It was roughly 1975 when I read in a wine book a sentence that I didn’t believe — one that left me wondering how a wine book author could make such an outrageous statement.
In an introductory chapter, looking at the vast world of wine, the author said the red wines of Bordeaux were some of the greatest wines in the world. No dispute there.
But several pages later he implied that Riesling was possibly an even greater grape variety than was Cabernet Sauvignon, or any other — indicating that it wasn’t a widely held notion and in fact required more evidence to prove. Which he didn’t provide.
At that point, I had been consuming mostly red wines because I believed they had more flavor. Also, most of the Rieslings I had had to that point were sweet and displayed none of the balance I wanted in a dry wine.
I’m not sure when it dawned on me that Riesling probably was the world’s greatest grape and made some of the most dramatic and sublime wines — both elements occasionally seen in the same bottle!
By the time I reached that conclusion, I was writing a weekly wine column and praised Riesling often. But some readers said they didn’t like Riesling. (They said it was too sweet.) So I wrote less about it than I believed was warranted.
And I had to admit that most domestic Rieslings were pretty ordinary; few ever approached what makes Riesling so special.
By now, though, it’s clear that when grown in the proper locations and treated with care, Riesling is easy to put atop a list of the finest wines. Indeed, there are several reasons why Riesling can be so superb.
For one thing, it’s one of the few wines that can be both sweet and dry at the same time. Also, it can work with almost any food, and it can age about as long as any wine made in this world.
Here are more reasons why Riesling is unlike any other grape:
- It displays its terroir better than any other grape. Period.
- It reflects its vintage as graphically as any variety.
- It can be dramatic when it is austerely dry, even though it may also — at the very same time — have some residual sugar in it! High acidity and low pH can combine to nearly completely mask the sugar.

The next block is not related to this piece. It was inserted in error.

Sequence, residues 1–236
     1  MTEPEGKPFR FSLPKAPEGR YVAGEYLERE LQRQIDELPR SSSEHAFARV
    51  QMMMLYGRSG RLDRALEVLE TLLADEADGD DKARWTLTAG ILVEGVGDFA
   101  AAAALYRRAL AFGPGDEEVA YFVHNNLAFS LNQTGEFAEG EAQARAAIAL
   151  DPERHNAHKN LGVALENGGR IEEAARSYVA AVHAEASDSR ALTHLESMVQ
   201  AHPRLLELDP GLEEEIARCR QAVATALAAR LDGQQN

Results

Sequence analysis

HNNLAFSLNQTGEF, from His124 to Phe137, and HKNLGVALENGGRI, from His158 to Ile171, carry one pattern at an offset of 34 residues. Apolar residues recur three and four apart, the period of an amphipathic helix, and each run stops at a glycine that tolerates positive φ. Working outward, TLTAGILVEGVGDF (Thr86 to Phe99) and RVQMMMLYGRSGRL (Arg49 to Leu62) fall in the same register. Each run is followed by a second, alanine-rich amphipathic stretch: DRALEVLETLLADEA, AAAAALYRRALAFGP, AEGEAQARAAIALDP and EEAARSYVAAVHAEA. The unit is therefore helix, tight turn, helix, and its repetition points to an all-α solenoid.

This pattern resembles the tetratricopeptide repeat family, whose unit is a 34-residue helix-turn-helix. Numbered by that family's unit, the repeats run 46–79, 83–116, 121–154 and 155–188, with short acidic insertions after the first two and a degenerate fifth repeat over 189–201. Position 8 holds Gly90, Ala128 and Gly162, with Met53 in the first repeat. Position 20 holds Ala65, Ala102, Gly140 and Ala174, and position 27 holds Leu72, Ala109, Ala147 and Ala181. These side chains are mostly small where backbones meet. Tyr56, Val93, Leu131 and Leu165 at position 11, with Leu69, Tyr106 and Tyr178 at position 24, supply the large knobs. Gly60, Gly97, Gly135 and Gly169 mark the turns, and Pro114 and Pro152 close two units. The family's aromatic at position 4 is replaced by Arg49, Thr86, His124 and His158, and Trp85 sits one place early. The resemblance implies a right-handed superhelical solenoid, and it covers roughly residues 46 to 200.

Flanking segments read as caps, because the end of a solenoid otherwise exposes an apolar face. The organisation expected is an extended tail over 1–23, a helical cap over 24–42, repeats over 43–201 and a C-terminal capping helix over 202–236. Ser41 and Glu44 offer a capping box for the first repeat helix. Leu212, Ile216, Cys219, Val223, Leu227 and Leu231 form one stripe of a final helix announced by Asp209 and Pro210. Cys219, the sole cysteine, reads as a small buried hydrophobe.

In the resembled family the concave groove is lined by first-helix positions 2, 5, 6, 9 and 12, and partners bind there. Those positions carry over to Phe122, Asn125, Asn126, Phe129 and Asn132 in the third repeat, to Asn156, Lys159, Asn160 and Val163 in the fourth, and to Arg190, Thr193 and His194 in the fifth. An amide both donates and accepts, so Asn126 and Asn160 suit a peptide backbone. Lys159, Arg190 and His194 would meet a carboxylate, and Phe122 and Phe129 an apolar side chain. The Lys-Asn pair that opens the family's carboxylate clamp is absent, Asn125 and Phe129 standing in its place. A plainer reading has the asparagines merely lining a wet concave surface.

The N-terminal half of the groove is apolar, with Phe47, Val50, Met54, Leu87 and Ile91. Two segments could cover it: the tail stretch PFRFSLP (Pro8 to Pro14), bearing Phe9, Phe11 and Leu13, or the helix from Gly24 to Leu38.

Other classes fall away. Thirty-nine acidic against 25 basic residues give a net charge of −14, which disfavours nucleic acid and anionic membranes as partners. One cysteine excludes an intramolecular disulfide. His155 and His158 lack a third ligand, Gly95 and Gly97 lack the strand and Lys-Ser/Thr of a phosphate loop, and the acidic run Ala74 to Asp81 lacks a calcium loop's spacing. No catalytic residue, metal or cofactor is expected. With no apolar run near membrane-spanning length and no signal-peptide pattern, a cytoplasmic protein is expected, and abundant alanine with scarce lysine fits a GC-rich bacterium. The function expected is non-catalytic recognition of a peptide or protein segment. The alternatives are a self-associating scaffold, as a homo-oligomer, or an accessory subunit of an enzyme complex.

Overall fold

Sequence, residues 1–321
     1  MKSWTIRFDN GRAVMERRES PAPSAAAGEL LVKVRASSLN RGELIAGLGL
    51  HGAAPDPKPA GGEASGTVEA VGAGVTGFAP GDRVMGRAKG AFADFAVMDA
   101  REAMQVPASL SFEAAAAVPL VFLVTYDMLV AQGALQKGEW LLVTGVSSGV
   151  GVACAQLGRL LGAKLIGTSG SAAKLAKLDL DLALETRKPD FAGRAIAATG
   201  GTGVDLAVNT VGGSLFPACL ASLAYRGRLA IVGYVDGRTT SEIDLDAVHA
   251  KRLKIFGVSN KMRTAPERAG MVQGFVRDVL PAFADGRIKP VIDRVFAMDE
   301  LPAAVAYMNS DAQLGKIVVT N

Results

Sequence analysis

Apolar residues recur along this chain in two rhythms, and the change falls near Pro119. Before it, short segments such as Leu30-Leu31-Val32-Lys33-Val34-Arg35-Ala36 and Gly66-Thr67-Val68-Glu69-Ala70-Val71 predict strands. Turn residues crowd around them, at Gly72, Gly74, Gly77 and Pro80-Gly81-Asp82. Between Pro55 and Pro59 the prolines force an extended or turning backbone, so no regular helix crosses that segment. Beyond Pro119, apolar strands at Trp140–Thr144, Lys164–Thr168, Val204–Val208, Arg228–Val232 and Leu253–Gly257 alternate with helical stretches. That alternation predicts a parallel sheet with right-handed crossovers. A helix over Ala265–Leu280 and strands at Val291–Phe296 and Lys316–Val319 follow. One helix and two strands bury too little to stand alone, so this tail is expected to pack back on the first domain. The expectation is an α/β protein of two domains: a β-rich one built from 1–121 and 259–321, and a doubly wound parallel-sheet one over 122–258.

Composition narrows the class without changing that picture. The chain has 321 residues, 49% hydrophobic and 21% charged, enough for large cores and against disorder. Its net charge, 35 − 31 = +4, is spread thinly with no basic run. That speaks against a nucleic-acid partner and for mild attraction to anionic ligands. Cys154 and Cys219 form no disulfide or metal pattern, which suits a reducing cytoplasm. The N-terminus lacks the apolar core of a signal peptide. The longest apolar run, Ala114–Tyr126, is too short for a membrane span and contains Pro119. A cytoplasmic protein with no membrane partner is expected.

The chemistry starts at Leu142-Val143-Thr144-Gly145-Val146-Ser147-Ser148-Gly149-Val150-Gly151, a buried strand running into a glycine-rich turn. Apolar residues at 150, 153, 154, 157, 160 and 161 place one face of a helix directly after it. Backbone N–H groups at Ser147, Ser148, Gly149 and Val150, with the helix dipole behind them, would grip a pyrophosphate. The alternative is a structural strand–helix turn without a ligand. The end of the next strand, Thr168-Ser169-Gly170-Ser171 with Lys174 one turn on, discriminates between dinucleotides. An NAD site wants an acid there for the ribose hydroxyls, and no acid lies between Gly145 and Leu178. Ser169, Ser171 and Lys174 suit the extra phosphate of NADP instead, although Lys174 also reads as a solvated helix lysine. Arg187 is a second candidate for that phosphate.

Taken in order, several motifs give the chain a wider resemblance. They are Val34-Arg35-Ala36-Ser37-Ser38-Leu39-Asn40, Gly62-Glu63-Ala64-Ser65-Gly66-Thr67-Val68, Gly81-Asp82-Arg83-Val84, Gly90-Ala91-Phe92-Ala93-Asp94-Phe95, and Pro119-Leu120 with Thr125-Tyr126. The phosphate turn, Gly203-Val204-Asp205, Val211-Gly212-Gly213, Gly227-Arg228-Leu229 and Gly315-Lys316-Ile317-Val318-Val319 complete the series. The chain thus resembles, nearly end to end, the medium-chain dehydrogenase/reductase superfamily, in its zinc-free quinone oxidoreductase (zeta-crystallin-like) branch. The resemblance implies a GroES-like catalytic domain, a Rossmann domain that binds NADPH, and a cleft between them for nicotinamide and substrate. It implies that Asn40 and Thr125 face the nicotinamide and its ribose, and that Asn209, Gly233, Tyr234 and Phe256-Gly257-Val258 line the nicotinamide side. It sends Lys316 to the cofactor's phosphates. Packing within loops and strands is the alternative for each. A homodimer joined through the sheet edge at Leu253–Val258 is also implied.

- It can be sublime with as little as 7% alcohol.
- It elicits more descriptor notes that relate to the grape than just about any other variety.
- It may be aged in barrels, but rarely is. It almost never needs oak flavors to help it achieve greatness.
- It can be aged for decades in the bottle (and may even become oxidized) without losing much of its charm, especially for those willing to look the other way about some technical irregularity. Aged Riesling is a category we will explore in an upcoming column.
I was not always willing to be so kind to Riesling. Decades ago, a dinner party host greeted guests with glasses of an older German Riesling. Though I had tried a few “Rhine” wines before, this was not a flavor I had ever experienced.
Since it was before I began writing about wine, I couldn’t describe it, but the aroma, taste, and overall sensation never was lost on me. I had never had a wine that was both sweet and dry at the same time!
It was also a revelation that the host of a fancy dinner party had the courage to feature a German Riesling, not a great White Burgundy, as his pre-prandial.
The sugar in that wine set it apart. To this day I still hear people say that all Rieslings are sweet. But great Rieslings are balanced with sugar matched to the acid, so the entry (first sip) may seem sweet, but the finish (aftertaste) is almost austerely dry.